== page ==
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Growing Tomato

Jan F M A M J J A S O N Dec
              S S T T T

(Best months for growing Tomato in Australia - temperate regions)

S = Plant undercover in seed trays. T = Plant out (transplant) seedlings.

August: Frost tender. Start undercover

  • Grow in seed trays, and plant out in 4-6 weeks. Sow seed at a depth approximately three times the diameter of the seed. Best planted at soil temperatures between 16°C and 35°C. (Show °F/in)
  • Space plants: 40 - 60 cm apart
  • Harvest in 8-17 weeks.
  • Compatible with (can grow in same bed): Asparagus, Chervil,Carrot, Celery, Chives, Parsley, Marigold, Basil
  • Avoid growing in same bed: Rosemary, Potatoes, Fennel
  • a)  Seedlings
    a) Seedlings
  • b) 6 weeks old
    b) 6 weeks old
  • c) Tomato Roma (acid free)
    c) Tomato Roma (acid free)

TOMATOES


There is nothing like the taste of a freshly picked tomato, warm from the sunshine. In the smallest of gardens or even an apartment with a window-box, it is worth growing at least one tomato plant for the pleasure it will give you. They will grow in pots, troughs or even hanging baskets.

Tomatoes should be grown in shelter or under cover in cool climates.


Tomatoes need feeding. In a garden bed, compost and mulching will produce a crop from one or two plants. In containers, use some suitable long term fertiliser pellets or feed regularly when you water. Feeding also improves the flavour of the fruit.


When you plant out, put the seedlings in a deep holes, up to the top set of leaves. The covered stems will put out extra roots and you will have a stronger, healthier plant.

There are many different varieties of tomatoes but they all have one of two growth habits.

Determinate:

Compact bush growth, stops at a specific height and useful for containers. If left without supporting stakes, they will form a dense carpet which excludes weeds and keeps the soil cool and damp.

Indeterminate:

Will continue growing a main stem, or vine until stopped by frost. The majority of heirloom tomatoes are indeterminate.

Both types need stakes to give them some support otherwise they will sprawl across the garden.

Varieties include Acid-free, Bush, Tall, Cherry, Yellow and many others.

Culinary hints - cooking and eating Tomato

Use in sauces, with fried meals, in sandwiches. Can be frozen whole or in pieces.

Your comments and tips

30 Apr 16, Lesley (Australia - temperate climate)
Hi I am getting oxo heart tomato seeds is it to early to put seeds in and grow them,under a patio I am south of Perth Cheers lesley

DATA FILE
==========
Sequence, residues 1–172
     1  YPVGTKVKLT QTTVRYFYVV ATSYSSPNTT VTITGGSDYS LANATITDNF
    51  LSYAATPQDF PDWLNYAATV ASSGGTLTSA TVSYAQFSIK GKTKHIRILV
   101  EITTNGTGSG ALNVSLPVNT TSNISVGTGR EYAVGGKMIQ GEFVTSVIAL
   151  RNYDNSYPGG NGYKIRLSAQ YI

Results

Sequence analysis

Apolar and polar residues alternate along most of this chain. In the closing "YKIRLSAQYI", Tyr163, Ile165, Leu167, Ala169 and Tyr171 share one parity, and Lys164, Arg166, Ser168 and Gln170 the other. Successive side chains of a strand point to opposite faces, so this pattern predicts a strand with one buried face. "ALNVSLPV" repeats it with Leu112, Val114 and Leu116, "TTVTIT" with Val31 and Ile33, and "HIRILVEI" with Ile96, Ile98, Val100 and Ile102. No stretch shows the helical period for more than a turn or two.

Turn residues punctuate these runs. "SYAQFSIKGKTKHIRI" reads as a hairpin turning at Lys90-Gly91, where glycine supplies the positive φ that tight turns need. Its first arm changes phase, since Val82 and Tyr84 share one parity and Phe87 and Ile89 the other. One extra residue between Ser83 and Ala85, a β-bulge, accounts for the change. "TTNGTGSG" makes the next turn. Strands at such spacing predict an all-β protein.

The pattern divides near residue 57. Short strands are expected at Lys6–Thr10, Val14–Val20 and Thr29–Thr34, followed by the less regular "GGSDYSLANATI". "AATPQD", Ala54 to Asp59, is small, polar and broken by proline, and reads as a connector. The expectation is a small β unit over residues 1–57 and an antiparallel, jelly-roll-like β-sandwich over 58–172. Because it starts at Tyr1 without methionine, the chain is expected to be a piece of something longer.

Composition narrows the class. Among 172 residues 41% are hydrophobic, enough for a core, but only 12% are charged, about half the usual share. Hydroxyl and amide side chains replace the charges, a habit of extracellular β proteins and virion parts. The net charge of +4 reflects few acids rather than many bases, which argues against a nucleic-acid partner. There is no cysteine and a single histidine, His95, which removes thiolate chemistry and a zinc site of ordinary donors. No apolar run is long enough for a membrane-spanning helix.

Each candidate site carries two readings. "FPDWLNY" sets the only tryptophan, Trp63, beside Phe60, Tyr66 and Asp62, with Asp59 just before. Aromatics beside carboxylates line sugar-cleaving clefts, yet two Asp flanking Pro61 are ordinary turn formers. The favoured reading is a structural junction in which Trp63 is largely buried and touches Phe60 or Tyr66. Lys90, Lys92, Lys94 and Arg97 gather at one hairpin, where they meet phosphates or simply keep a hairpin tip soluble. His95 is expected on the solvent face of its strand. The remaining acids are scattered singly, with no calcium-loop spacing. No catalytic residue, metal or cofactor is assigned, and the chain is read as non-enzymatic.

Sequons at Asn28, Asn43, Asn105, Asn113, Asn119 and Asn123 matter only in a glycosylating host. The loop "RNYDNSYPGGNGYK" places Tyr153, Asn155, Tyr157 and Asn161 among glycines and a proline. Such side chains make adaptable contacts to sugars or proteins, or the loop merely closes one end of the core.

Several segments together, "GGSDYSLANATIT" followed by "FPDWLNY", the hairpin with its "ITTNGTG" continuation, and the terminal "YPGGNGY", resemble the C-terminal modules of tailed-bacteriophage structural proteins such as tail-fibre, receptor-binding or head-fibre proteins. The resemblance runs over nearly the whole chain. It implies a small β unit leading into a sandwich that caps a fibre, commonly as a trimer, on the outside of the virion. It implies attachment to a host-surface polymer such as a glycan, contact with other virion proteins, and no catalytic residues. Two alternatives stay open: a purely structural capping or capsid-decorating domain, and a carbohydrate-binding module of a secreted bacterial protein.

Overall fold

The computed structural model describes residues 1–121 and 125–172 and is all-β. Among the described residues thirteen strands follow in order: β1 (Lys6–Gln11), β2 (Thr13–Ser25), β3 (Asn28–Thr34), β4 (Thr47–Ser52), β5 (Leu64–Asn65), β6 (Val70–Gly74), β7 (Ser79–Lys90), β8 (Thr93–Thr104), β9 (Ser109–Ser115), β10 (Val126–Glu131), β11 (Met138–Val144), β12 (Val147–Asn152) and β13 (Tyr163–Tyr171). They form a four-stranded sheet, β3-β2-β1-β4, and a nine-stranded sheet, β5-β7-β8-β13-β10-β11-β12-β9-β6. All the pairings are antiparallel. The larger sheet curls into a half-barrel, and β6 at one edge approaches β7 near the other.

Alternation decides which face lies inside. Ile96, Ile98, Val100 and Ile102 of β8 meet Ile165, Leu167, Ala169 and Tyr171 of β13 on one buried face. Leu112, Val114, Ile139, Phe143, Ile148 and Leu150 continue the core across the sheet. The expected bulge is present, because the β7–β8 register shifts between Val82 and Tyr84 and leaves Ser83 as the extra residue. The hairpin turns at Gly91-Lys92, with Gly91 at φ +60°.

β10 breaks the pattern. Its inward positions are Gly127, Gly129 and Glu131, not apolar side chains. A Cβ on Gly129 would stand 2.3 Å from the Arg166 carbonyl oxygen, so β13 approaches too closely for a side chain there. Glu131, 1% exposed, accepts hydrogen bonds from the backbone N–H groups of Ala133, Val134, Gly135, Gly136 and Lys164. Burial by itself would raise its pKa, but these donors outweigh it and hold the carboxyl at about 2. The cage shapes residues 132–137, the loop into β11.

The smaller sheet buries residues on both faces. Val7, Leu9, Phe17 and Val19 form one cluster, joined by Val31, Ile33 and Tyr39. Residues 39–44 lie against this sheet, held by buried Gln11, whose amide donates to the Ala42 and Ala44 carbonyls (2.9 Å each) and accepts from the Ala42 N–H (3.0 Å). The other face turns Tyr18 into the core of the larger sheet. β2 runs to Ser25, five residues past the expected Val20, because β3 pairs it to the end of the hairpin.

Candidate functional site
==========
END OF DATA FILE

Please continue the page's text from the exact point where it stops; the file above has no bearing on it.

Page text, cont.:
30 Mar 16, Mike (Australia - temperate climate)
Feed with nitrogen rich fert. You can use store bought liquid fert. for quick fix or dig in manure around the base of each plant. There are lots of ways to help boost the minerals in soil, Google is your friend.
14 Mar 16, philip hope (Australia - sub-tropical climate)
Bright yellow leaves at the tip of the plant what is the soil deficient in? I live just outside of Gympie
28 Apr 16, Tania (Australia - sub-tropical climate)
Hi Phillip, yellow leaves tend to mean you need more calcium in the soil.... try some chicken manure.
10 Mar 16, Dave McGinlay (Australia - temperate climate)
I have an amazing Roma Tomato plant that is now in it;s third flowering & has produced over 200 tomatoes over the past 18 months(I just trim off the dead foliage) Lately some of the fruit has a very small round hole in them & when cut open reveals a heap of tiny eggs. Could this be some kind of wasp.? I am picking them a bit earlier now as the culprit can;t seem to put a hole in them if they are slightly unripe. Regards Dave McGinlay
15 Mar 16, Jacqueline Comber (Australia - sub-tropical climate)
Sounds very much like fruit fly...we can't grow in Sumner because of these.
08 Feb 16, Max (Australia - temperate climate)
my Oxheart tomatoes have worms inside them but no entry point how is this possible. It's frustrating as I'm throwing out a lot. Is there something I can do to avoid this /
09 Feb 16, Cecile (South Africa - Summer rainfall climate)
If I remember correctly, moths lay their eggs in the flowers of the tomato plant, so as the fruit develops from the flower, the eggs mature inside the growing tomato
29 Jan 16, Robyn (Australia - sub-tropical climate)
Should I pick the flowers off my tomato plants while the plants are still small?
28 Apr 16, Tania (Australia - sub-tropical climate)
Hi Robyn. Picking off the flowers while the plant is still young gives more energy to the roots and leaves. i always pick off the first two trusses to allow for more branching.
Showing 1 - 10 of 354 comments

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This planting guide is a general reference intended for home gardeners. We recommend that you take into account your local conditions in making planting decisions. Gardenate is not a farming or commercial advisory service. For specific advice, please contact your local plant suppliers, gardening groups, or agricultural department. The information on this site is presented in good faith, but we take no responsibility as to the accuracy of the information provided.

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